January 25, 2005

Appendix G: Nebraska's Meatpacking Workers Bill of Rights

Nebraska's government authorities have made certain efforts to improve conditions for meatpacking workers in the state. One innovative step was the Nebraska Meatpacking Industry Workers Bill of Rights issued in June 2000 by Governor Michael Johanns of a The governor responded favorably to advocacy by worker and community labor rights supporters for a more forceful state government stance on the crisis of workers' rights in the meatpacking industry.[357] "I literally sat down with a legal pad and wrote it out myself," the governor proclaimed, "and then I posted it in meatpacking plants all across the state. Do you know why? Because it's the fair thing to do."[358]

Nebraska's meatpacking workers bill of rights asserts:

1) the right to organize, 2) the right to a safe workplace, 3) the right to adequate facilities and the opportunity to utilize them, 4) the right to adequate equipment, 5) the right to complete information, 6) the right to understand information provided, 7) the right to existing state and federal benefits and rights, 8) the right to be free from discrimination, 9) the right to continuing training including supervisor training, 10) the right to compensation for work performed, and 11) the right to seek state help. [359]

The Nebraska rights declaration is a voluntary instrument and its reach, while important, has been modest. Named by the governor to coordinate the bill of rights' implementation, Jose Santos of the state labor department told Human Rights Watch, "it's a long process and we still have a long way to go." In his annual report for 2002, Santos said he visited meatpacking plants at a dozen locations around the state, and noted that "employees expressed concerns over the chain-line speed, and the safety hazards that come with that speed. When line speeds are increased to meet high production demands, workers are forced to overexert, and are place under stressful conditions that increase the potential to cause serious injuries." [360] Why not put this line speed info in the safety section above re line speed?

The first recommendation of Santos' report was "Enforce labor laws more effectively and improve access to the justice system." Santos said most progress has come in terms of communication among meatpacking employers, workers and community advocates especially in the area of education. "Several employers are supporting ESL [English as a second language] programs for employees," he said.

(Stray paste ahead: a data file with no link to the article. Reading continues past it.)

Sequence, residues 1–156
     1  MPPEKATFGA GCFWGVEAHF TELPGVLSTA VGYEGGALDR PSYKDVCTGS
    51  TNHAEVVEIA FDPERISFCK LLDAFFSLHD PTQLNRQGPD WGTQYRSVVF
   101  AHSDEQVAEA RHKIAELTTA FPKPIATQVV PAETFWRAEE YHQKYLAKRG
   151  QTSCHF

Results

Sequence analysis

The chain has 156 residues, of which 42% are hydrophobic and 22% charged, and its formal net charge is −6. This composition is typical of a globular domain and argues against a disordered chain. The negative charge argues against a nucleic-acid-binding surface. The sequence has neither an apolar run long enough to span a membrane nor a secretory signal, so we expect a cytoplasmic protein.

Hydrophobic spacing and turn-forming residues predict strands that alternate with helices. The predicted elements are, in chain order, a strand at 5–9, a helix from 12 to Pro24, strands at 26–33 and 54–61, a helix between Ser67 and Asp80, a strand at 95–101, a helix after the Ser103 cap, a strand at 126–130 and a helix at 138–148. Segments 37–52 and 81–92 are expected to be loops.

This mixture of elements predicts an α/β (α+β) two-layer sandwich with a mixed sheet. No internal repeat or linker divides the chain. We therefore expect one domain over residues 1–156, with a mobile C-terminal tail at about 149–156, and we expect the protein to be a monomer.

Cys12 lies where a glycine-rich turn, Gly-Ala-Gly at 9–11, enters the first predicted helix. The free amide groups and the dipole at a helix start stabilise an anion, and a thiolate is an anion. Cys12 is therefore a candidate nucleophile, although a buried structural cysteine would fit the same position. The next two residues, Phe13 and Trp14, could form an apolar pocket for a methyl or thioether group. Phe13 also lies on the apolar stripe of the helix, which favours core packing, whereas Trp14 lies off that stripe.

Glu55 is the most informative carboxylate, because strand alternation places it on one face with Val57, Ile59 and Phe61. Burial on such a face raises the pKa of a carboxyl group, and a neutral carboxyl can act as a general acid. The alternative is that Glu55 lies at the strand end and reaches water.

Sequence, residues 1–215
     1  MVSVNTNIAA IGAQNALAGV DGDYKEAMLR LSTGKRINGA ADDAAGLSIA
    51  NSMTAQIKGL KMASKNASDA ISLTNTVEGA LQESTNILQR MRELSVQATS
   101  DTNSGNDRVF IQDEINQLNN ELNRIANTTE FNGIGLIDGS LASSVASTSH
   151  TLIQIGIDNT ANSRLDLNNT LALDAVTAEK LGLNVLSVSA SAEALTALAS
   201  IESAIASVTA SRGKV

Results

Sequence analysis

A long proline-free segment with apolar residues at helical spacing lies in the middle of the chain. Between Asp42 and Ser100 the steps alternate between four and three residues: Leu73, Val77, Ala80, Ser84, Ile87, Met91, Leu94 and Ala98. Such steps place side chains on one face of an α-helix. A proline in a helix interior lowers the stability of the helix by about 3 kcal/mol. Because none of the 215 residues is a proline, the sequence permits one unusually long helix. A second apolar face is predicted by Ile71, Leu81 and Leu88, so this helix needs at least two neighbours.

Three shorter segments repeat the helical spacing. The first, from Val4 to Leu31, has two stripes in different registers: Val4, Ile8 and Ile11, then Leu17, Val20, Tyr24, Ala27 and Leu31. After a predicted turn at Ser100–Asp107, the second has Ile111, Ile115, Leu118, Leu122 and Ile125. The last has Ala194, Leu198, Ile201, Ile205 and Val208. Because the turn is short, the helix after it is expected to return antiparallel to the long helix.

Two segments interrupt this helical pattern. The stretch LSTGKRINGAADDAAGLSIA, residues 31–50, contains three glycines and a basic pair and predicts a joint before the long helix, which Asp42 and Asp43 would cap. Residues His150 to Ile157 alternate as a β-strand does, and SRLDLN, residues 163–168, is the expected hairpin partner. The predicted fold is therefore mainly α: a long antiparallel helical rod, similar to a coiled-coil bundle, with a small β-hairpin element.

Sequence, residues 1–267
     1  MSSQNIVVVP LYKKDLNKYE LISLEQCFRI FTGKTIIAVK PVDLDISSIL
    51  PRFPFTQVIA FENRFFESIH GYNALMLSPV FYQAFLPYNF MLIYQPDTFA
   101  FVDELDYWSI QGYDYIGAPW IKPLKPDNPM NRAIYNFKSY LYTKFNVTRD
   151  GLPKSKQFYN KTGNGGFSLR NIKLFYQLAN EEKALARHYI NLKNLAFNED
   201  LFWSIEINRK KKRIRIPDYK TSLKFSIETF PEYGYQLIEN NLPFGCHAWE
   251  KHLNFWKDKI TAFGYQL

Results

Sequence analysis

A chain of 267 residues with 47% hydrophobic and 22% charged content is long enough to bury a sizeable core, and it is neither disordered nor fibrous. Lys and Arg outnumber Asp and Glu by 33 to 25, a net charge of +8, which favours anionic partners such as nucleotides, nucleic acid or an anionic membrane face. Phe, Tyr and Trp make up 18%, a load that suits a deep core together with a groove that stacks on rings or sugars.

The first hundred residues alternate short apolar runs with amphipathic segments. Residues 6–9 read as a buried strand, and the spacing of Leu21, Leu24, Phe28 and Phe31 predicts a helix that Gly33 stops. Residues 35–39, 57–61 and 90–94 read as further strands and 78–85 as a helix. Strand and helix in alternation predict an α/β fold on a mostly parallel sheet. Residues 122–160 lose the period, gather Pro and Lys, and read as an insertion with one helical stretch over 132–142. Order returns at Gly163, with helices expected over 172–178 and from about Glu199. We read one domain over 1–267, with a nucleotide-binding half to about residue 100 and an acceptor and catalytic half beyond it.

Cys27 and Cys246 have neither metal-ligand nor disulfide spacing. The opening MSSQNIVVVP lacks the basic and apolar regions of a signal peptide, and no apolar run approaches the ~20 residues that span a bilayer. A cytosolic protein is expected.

"We can only do so much," Santos cautioned. "So many of the problems and issues are related to workers' immigration status, and that takes federal action because it's a federal responsibility." [361]

Nebraska has taken a portion of the bill of rights and elevated it to a statutory level. In 2003, the state legislature adopted the Non-English-Speaking Workers Protection Act.[362] The new law requires employers with significant numbers of immigrant workers not fluent in English to ensure that bilingual speakers are available to employees inside the workplace and to provide statements written in the employees' own language of terms and conditions of employment, including potential health and safety risks. The Act also makes permanent the post of coordinator of implementation of the bill of rights, with duties defined as "to inspect and review the practices and procedures of meatpacking operations in the State of Nebraska as they relate to the provisions of the Governor's Nebraska Meatpacking Industry Workers Bill of Rights."

[357] See David Hendee, "Work Rights for Packers Formalized; Johanns Signs Voluntary Standards for Meat Plants," Omaha World-Herald, June 29, 2000, p. 13.

[358] See Joe Dejka, "OTOC grills Johanns and Dean: the candidates for governor are pressed about meatpacking workers' right to organize," Omaha World-Herald, October 21, 2002, p. 3b.

[359] The complete text of the declaration is contained in Appendix B.

[360] See Jose A. Santos, Meatpacking Industry Worker Rights Coordinator, Worker's Bill of Rights Report, December 1, 2002, p. 3.

[361] Human Rights Watch telephone interview, December 1, 2003.

[362] The text of the Act is contained in Appendix H.